Newly discovered heat dissipating qualities in graphene could extend the working life of computers and other electronics.
An international group of researchers, headed by Chalmers University of Technology in Sweden, are the first in the world to show that wonder material graphene has a heat dissipating effect on silicon based electronics.
Modern electronic systems generate a great deal of heat and the amount produced is constantly rising due to the increasing demand for more and more functionality – a major problem due to the fact a 10°C increase in working temperature roughly halves the working life of an electronics system.
However, the team from Chalmers found that a layer of graphene can reduce the working temperature in hotspots inside a processor by up to 25 per cent.
“This discovery opens the door to increased functionality and continues to push the boundaries when it comes to miniaturising electronics,” says Chalmers Professor Johan Liu who heads the international research project.
During the study, the researchers focused on reducing the temperature in the small area where the electronics work most intensively – such as inside a processor, for instance.
These tiny hotspots are found in all electronics and in terms of size they are on a micro or nano scale, in other words a thousandth of a millimetre or smaller.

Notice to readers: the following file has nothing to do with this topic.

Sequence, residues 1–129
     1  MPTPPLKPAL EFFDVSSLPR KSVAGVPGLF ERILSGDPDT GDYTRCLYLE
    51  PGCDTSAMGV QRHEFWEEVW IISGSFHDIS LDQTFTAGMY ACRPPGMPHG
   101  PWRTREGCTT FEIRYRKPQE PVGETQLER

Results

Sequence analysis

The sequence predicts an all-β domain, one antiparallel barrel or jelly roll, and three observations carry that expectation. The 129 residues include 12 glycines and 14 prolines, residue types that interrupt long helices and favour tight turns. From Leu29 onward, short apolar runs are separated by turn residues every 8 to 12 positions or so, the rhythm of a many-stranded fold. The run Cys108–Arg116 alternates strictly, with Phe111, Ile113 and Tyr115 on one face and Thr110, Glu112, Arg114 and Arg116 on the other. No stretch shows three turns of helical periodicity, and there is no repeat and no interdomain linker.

“The normal working temperature in the hotspots we have cooled with a graphene layer has ranged from 55 to 115°C,” says Liu.
“We have been able to reduce this by up to 13 degrees, which not only improves energy efficiency; it also extends the working life of the electronics.”
Efficient cooling is a major challenge in many different applications, such as automotive electronics, power electronics, computers, radio base stations and in various light emitting diodes, or LED lights.
In automotive electronics systems, any single device in the ignition system can pump out up to 80W continuously and in transient stage up to 300W (within 10 nanoseconds) and LED devices can have a thermal intensity almost on a par with the sun, up to 600W/cm2 due to their extremely small size.
According to Liu a study in the USA based on data from 2006, around 50 per cent of the total electricity used to run data servers goes on cooling the systems, and he hopes his discovery may soon help to reduce this.